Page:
Women's prison inmates voice opinions on two year study

NEW ENGLAND, N.D. - The Dakota Women's Correctional Center in New England is expected to stay open for at least another two years. This comes after Gov. Doug Burgum announced its potential closure during an address in December.

A bill that passed through the House and is now headed to the Senate proposes a two year study of the women's correctional facility and services it provides for inmates.

The study will also look into the inmates at the Missouri River correctional center in Bismarck. It will assess costs of relocation and work oppurtunities for both populations.

Many of the female inmates say they wouldn't mind moving to a more central location like Bismarck because they would be closer to family. They say that would helps with their rehabilitation. But others do mention that not having anything at facility would harm New England and their economy.

Behind the chain-linked fence are many opinions about what the state should do with the facility.

'I think there's pros and cons to this place moving," said inmate Kailey Delaplane.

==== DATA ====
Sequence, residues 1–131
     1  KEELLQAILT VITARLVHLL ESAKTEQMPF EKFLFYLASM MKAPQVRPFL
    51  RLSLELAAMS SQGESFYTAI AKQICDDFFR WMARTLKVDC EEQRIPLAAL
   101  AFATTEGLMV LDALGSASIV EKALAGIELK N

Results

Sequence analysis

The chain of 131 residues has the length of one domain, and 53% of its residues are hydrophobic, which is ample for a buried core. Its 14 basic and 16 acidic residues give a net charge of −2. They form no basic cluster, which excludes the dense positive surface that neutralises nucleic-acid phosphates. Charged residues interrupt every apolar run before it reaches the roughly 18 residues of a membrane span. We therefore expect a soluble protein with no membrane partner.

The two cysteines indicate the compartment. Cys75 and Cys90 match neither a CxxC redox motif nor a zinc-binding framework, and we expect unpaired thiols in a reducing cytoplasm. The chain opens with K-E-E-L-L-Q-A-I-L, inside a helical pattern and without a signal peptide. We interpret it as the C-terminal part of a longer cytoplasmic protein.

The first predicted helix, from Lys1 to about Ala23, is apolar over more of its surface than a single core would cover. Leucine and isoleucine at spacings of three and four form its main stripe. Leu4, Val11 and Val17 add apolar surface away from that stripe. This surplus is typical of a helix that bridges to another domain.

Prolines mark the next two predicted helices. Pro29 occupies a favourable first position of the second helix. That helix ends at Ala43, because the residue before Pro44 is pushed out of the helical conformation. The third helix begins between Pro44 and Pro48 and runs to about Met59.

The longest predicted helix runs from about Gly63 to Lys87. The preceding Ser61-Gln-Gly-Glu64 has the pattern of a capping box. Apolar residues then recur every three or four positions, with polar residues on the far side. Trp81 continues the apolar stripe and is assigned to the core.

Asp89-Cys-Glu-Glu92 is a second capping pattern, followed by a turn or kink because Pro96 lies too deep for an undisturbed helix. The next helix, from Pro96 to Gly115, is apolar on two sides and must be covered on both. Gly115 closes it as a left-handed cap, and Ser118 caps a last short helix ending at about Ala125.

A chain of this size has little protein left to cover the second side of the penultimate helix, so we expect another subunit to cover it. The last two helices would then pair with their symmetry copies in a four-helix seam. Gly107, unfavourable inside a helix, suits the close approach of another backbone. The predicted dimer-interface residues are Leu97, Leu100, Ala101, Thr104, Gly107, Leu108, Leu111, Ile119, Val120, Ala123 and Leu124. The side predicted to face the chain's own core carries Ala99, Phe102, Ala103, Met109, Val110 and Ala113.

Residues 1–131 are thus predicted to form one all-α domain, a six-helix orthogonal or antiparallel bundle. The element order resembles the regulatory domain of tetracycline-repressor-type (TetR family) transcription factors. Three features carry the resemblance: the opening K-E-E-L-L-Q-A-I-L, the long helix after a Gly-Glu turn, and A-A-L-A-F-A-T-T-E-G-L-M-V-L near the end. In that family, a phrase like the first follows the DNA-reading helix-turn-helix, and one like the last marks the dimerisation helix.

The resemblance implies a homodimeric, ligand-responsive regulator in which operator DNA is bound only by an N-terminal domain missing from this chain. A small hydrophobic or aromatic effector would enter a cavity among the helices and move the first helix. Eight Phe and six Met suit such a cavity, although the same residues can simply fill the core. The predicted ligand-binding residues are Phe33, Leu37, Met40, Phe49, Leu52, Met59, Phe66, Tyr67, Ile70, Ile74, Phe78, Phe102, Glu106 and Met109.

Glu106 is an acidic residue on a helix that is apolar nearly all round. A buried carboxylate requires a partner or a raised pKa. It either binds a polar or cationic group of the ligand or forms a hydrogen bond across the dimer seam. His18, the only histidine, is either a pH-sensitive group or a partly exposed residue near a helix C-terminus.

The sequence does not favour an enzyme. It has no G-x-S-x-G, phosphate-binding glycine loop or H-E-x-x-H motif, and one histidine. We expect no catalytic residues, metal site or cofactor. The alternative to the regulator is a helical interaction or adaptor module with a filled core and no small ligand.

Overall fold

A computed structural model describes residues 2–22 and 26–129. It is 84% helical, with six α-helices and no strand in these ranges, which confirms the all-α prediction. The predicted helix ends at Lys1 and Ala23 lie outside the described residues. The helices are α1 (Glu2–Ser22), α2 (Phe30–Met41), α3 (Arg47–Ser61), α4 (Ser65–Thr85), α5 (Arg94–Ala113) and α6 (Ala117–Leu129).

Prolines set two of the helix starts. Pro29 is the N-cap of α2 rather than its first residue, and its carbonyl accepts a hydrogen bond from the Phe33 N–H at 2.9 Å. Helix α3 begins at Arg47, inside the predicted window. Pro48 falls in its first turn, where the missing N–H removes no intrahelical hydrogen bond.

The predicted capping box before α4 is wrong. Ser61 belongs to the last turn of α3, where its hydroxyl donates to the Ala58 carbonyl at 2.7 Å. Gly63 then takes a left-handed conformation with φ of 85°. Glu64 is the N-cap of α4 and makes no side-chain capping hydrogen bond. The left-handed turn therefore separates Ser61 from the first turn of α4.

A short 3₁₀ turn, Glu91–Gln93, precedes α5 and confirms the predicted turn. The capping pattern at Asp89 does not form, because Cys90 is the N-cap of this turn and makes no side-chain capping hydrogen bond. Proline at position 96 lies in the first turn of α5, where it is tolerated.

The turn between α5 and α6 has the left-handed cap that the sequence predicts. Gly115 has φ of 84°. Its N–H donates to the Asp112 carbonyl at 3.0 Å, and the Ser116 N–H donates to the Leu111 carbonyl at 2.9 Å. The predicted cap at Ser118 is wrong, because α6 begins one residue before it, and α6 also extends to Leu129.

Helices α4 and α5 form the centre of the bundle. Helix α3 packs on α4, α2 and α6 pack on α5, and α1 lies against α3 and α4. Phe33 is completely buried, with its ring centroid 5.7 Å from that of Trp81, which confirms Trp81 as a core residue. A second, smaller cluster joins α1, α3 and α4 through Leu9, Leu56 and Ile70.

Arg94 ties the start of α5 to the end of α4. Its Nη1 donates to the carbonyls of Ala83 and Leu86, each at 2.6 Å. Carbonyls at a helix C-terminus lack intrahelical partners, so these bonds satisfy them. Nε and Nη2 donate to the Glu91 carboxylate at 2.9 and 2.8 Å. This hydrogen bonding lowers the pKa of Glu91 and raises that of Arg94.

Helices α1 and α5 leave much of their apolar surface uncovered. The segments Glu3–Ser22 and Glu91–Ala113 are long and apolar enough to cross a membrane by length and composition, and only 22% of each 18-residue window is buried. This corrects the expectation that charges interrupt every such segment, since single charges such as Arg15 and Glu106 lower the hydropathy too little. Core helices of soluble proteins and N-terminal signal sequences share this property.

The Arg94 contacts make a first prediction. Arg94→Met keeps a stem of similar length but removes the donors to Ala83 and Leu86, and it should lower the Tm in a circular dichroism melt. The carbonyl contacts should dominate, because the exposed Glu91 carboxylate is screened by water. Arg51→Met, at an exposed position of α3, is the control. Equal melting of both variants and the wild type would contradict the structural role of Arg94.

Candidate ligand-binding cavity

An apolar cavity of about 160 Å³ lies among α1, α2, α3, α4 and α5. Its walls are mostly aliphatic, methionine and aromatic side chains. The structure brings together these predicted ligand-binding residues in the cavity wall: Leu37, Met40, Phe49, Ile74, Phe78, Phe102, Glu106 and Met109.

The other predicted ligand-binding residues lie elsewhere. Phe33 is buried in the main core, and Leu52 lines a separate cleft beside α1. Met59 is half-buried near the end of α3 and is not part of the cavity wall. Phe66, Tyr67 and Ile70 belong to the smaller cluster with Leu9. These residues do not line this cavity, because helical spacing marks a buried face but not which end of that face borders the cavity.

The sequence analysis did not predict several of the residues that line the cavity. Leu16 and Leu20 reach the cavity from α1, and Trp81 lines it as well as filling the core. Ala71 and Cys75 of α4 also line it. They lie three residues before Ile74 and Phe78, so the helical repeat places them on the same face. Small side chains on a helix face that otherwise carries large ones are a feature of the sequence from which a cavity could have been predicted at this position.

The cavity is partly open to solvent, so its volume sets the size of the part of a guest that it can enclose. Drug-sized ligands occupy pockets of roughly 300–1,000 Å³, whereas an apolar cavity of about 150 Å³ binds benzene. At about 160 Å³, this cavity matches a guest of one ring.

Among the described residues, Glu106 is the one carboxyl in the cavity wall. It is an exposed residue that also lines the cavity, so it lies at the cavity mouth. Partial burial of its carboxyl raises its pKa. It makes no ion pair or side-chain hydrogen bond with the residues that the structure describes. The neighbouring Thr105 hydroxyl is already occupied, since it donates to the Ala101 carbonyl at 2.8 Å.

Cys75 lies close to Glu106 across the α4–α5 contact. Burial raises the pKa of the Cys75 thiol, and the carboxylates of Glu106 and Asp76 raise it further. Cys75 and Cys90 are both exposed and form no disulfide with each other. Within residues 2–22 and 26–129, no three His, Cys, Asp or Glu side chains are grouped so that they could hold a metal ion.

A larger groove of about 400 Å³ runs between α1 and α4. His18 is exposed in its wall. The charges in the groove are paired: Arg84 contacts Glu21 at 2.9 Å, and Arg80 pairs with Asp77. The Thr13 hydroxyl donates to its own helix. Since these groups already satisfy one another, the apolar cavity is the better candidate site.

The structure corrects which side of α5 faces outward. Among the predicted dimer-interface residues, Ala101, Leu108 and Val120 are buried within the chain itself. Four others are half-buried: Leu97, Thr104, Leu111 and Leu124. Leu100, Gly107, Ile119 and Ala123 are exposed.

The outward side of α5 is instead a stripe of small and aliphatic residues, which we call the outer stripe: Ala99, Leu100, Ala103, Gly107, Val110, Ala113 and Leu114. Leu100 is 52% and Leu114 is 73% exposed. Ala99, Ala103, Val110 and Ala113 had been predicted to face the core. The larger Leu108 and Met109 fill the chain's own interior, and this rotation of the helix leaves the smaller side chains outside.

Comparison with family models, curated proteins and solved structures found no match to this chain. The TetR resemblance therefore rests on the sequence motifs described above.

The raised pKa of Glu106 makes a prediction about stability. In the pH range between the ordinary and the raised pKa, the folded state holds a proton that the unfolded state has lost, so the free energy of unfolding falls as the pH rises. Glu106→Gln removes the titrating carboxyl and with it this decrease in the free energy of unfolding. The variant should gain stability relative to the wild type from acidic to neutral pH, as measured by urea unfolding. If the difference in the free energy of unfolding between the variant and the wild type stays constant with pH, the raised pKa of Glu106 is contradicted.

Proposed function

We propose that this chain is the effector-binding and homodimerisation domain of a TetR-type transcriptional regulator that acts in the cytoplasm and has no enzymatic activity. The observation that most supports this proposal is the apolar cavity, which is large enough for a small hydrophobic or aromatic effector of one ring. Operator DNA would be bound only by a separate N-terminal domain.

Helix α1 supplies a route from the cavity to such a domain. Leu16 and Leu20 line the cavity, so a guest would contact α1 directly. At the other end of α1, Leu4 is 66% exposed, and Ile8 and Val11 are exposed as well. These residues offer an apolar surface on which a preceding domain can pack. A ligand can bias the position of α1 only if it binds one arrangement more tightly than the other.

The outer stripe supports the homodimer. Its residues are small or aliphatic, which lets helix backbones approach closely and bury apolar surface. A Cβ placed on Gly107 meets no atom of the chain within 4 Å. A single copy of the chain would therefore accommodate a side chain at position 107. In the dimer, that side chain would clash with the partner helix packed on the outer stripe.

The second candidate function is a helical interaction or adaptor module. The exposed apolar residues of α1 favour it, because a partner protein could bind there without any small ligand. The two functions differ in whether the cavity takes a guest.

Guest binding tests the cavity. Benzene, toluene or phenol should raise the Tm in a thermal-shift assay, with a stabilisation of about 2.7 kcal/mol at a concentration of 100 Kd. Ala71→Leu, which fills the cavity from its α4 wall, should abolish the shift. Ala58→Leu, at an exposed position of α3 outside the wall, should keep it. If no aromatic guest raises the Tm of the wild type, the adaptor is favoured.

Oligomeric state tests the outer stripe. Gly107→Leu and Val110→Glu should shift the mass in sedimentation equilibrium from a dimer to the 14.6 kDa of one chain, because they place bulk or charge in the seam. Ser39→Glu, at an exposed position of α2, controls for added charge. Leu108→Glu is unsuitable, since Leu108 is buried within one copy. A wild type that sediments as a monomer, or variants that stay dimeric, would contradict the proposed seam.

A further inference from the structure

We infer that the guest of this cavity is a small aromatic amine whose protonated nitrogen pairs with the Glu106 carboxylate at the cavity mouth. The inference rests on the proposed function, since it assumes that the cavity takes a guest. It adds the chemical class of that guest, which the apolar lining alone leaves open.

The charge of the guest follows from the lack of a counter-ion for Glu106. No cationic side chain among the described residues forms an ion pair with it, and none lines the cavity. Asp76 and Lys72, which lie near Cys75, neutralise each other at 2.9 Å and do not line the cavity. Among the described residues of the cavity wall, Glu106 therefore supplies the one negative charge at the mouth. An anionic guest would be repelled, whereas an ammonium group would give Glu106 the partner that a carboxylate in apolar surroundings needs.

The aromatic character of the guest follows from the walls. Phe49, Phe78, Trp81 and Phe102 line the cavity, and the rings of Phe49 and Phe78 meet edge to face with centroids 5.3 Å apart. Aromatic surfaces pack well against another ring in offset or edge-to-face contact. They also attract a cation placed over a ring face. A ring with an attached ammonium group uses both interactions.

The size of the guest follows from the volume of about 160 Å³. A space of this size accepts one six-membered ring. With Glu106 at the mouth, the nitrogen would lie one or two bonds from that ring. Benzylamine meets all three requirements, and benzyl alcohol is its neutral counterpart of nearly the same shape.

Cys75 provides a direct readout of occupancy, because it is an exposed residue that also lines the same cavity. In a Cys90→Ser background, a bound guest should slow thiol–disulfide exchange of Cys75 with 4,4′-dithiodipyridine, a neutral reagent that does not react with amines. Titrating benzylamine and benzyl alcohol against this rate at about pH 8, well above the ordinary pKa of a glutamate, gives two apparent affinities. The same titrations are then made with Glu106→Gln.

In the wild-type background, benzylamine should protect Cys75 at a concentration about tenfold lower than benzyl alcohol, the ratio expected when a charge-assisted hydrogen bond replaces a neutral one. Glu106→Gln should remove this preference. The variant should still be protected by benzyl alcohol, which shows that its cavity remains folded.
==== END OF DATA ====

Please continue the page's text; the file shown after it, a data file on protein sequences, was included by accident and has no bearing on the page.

The tug of war of what will happen to the women's prison is in the hands of law makers.

"Why not have input of what we think is good. No matter what, not everyone's going to be happy," said inmate Cara Gibson.

Many say a move closer to the center of the state would be a benefit.

"So I do understand that moving to Bismarck would help a lot of ladies here build relationships with their kids, with their families, and have that support system that I have staying here," said inmate Josi Justice.

Some inmates cite the issues this would bring for the New England community, others say the issues are bigger.

"The economy would be affected here in New England but you know in the long run what's in the best interest of us?! The female inmates?", said inmate, Julie Roubideaux.

Although the study hasn't been green lit yet, many say it's a palpable option.

"Sensible approach to making a big move as far as moving people across the state and so I think that it will give us a good indication of what the needs are and then what the best plan is," said women's prison warden, Rachelle Jutunen.

"The two year study, I hope that, they really look into ways to broaden our job opportunities while we're here. But I mean, your time is what you make it regardless," said inmate Tashena Falcon.

Warden Jutunen says until decisions are concrete, they're business as usual.

Friday senators will be hearing from the Department of Corrections and Rehabilitation on their budget and a branch of that budgets the two year study.